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Title: Data acquisition and control in particle physics and astronomy
Author: Nixon, Gilbert
ISNI:       0000 0001 3447 7008
Awarding Body: University of London
Current Institution: University College London (University of London)
Date of Award: 2000
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To help understand the nature of matter and energy, Man has built sophisticated instruments with which to study the interactions of particles that have been accelerated to very high energies, creating, in microcosm, conditions thought to have existed at the time of origin of the universe (according to the big bang theory). These so-called particle colliders have been developed over a number of years to yield increasing interaction energies and energy resolution, resulting in improved particle identification. In this way, scientists have been able to detect particles produced as interaction products, leading to a 'standard model' of the structure of matter. At the same time the greatest laboratory of all, the universe itself, has been yielding ever increasing amounts of information. New telescopes such as the 'Hubble" and a new generation of 8-10 metre ground-based telescopes are already opening up new vistas of space, promising a much more detailed picture of the universe than hitherto. This thesis is about data acquisition and control in the two areas of research mentioned above. The first part deals with the design and construction of two data readout controllers for high energy physics experiments. Of these, the former was intended (and has been adopted in essence) for the data acquisition system of the ZEUS central tracking detector at DESY, Hamburg, and is based on the use of transputers for both controlling and data processing functions. The latter was developed with the much more demanding requirements of the projected Large Hadron Collider experiments in mind, and uses transputers as system controllers alongside other, more specialised, processors used for data reduction and trigger formation. The second part of the thesis concerns the use of an embedded processor in a totally different environment, namely, as the controlling element of an active polishing device intended for the production of highly aspherical optical mirrors for astronomical telescopes, The third part is also concerned with mirror production and is a design study for the upgrading of a mirror production machine to a modern specification, but where a different and complementary approach is adopted. In the Preface to this thesis a case is made advocating good engineering design in support of scientific research projects and its importance to their success. At the end of each section, a short critique is given of the engineering design and its contribution to the success, or otherwise, of each project.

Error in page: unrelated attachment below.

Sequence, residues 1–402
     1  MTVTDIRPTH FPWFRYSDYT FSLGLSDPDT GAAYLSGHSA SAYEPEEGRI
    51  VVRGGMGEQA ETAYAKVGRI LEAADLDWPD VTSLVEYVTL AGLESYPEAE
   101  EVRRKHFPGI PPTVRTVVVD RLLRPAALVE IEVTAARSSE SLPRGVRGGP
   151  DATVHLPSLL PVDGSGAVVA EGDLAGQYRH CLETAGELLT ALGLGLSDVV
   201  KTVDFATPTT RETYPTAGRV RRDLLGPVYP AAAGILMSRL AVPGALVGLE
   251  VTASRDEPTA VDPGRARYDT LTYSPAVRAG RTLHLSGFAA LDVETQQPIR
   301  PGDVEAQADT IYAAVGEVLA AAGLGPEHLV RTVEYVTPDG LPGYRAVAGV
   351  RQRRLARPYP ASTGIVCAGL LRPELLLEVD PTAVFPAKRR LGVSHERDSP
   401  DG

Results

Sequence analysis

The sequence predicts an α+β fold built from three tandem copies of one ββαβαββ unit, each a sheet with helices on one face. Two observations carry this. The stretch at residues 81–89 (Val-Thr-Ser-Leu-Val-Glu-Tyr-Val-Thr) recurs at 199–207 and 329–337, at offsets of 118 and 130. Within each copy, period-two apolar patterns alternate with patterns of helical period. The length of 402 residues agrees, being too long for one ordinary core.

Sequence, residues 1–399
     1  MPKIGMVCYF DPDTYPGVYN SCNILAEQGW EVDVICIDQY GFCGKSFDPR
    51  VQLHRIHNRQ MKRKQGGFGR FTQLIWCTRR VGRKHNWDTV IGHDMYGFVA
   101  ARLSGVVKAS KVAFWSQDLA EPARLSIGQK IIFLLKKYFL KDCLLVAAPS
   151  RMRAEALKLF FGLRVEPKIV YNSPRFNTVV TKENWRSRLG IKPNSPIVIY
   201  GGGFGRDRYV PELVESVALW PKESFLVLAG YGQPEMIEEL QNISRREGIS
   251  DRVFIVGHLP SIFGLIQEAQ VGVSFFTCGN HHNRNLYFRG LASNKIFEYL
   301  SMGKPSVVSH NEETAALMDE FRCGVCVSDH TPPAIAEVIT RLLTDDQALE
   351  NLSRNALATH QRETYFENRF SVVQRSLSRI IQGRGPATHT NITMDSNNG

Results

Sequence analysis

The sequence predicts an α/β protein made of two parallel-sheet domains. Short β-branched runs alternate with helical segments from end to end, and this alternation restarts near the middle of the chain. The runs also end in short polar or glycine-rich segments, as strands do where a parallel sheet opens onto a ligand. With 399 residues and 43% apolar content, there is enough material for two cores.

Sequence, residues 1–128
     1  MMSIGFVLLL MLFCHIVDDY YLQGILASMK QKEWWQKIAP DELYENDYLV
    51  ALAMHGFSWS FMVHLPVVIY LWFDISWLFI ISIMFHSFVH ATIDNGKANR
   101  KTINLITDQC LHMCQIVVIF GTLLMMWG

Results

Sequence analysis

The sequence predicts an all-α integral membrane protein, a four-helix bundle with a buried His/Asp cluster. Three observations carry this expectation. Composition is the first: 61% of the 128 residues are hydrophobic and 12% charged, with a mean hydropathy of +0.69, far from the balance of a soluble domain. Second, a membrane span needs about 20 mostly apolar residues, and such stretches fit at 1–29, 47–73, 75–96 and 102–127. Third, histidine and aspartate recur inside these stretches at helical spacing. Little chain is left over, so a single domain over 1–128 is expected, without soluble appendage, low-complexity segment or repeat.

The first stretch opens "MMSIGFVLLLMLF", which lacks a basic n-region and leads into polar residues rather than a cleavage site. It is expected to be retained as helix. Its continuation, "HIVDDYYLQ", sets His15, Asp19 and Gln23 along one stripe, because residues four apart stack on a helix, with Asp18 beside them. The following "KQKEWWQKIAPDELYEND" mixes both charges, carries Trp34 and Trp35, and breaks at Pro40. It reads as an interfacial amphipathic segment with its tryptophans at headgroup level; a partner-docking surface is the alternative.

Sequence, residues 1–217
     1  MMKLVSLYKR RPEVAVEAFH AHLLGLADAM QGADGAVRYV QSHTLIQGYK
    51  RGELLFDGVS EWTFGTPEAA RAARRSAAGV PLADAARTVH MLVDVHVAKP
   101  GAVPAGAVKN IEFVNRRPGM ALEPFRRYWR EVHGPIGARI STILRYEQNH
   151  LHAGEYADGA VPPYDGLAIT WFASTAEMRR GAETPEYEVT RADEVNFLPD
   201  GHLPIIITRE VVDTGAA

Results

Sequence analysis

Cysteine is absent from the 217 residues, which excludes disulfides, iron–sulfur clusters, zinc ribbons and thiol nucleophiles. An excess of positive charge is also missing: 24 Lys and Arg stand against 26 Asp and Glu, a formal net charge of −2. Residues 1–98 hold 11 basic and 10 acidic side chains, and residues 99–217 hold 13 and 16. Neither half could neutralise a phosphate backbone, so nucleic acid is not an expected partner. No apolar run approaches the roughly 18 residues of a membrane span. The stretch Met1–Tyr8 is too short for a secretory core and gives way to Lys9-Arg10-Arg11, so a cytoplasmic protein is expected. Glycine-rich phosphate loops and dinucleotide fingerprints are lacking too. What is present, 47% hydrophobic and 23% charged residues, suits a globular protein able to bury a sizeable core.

Supervisor: Not available Sponsor: Not available
Qualification Name: Thesis (Ph.D.) Qualification Level: Doctoral
EThOS ID:  DOI: Not available